An organizational chart is a diagram that depicts the structure of an organization in terms of relationships among personnel or departments. This type of chart also represents lines of authority and responsibility. Generally, an organizational chart is a horizontal or vertical tree that contains geometric shapes to represent staff or divisions. The lines that connect the shapes indicate relationships between the positions. The chart indicates the formal structure of a business or company.
Most often, a rectangle represents a person, position, or department. In a hierarchical chart, the Chief Officer or President is the top rectangle. The level underneath the chief officer contains high-level managers or executives, and each succeeding level includes the subordinates of the line above.
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In standard organizational charts, the shape is similar to a pyramid. Often, box size is relative to the authority level of the position; for example, an executive position may have a larger rectangle than a subordinate position. Peers generally have boxes of similar size on the chart. Lateral positions on the chart indicate a relationship between departments on the same level of hierarchy in the organization.
In a standard organizational chart, solid lines depict a formal and direct relationship between positions. A double linked rectangle might indicate a situation with co-supervisors. A dashed line indicates an advisory or indirect relationship between positions, while arrows indicate the flow of communication. To indicate job sharing or dual responsibilities, a divided box might be used. An open position is sometimes represented by a dashed border surrounding a rectangle, or a box containing either TBH (to be hired) or TBD (to be determined).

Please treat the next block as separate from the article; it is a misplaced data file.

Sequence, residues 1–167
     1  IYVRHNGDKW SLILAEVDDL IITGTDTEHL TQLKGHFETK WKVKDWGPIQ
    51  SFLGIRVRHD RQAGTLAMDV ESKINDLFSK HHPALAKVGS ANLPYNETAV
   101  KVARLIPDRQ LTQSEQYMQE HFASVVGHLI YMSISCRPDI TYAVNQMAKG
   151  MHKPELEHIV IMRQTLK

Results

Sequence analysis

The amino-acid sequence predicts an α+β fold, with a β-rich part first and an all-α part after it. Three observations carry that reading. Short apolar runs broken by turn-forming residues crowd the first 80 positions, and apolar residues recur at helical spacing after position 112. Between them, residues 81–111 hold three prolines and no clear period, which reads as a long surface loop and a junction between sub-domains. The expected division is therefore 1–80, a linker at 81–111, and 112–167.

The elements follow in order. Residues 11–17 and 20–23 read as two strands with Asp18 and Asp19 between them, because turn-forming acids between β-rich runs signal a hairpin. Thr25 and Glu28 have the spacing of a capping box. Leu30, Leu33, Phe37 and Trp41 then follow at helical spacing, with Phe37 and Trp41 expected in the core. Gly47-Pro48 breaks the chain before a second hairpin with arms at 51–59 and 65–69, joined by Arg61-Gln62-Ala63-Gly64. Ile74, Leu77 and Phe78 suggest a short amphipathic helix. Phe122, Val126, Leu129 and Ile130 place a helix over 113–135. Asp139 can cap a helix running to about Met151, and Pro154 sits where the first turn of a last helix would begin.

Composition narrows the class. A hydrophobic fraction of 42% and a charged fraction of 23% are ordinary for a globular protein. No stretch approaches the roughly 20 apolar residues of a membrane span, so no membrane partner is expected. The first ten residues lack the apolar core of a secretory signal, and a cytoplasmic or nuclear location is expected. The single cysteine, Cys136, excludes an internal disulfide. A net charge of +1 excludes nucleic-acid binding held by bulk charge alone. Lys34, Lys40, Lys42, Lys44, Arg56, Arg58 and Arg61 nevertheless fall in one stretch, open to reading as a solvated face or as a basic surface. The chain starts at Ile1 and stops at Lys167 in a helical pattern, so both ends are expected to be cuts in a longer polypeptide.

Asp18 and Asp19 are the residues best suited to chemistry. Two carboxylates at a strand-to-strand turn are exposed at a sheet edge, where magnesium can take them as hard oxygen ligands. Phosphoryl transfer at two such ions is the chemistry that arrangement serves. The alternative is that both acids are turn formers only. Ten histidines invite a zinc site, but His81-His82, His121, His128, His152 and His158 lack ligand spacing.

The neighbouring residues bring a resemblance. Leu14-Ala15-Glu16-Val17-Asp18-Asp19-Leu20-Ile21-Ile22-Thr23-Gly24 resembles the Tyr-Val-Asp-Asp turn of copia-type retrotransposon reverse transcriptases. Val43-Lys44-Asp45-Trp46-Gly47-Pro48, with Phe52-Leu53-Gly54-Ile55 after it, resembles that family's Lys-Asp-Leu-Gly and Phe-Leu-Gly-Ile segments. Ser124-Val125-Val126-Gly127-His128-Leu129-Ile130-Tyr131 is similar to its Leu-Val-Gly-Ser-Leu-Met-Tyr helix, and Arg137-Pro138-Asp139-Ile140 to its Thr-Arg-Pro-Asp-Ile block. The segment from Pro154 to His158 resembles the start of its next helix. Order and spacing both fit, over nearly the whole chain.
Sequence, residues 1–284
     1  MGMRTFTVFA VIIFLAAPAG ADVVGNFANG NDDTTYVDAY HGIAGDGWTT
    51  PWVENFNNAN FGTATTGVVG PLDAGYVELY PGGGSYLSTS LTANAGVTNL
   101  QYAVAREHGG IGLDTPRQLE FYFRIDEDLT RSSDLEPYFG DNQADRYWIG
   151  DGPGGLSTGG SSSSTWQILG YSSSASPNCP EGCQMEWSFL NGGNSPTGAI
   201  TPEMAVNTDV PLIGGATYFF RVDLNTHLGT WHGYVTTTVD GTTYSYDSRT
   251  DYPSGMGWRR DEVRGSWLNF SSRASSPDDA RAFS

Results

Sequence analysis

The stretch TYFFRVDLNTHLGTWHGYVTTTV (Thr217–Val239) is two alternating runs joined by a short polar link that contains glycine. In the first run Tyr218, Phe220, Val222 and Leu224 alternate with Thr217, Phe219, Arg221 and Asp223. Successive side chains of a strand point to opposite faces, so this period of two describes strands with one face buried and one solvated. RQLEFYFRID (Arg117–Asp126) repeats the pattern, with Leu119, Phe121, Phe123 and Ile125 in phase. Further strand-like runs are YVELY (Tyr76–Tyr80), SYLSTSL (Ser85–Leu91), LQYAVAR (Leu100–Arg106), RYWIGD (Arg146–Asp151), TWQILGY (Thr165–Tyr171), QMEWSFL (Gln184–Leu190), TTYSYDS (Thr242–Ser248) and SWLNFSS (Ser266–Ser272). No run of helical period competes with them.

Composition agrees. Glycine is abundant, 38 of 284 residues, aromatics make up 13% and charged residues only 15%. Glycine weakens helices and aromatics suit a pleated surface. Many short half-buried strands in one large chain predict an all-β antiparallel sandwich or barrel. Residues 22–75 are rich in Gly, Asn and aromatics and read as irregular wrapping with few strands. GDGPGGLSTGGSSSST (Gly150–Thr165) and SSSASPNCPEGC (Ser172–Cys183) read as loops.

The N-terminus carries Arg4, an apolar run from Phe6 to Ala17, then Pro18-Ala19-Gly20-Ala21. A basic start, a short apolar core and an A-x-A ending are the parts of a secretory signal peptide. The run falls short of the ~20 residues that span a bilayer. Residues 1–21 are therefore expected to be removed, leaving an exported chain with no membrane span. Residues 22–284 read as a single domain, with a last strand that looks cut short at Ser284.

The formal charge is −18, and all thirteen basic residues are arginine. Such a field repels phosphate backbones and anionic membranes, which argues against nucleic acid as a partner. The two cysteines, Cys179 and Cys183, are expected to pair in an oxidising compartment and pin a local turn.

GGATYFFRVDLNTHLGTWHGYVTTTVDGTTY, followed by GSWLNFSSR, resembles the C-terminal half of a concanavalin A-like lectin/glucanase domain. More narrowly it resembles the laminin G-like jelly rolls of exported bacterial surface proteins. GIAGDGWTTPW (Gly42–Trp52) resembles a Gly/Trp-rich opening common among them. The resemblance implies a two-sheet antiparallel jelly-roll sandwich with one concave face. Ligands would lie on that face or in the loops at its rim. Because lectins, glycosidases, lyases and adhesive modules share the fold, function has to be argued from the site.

Because in a large company, the organizational chart can be space-intensive and complex, smaller charts may be utilized to represent individual departments. Other common space-saving techniques used in these charts include a staggered tree method, a columnar stack, or a list style which provides names or job titles rather than boxes. To avoid the frequent need to update the chart, you might use position titles rather than the names of individual staff. Due to the changes in organizational structure, an organizational chart is not always up to date.
To create an organizational chart, you can use software such as Visio, or specialized software such as SmartDraw or OrgPlus. Microsoft Word has a Diagram Gallery to create such a chart, and Microsoft PowerPoint and Publisher have similar capabilities. The use of software to create a chart makes revisions and additions simple.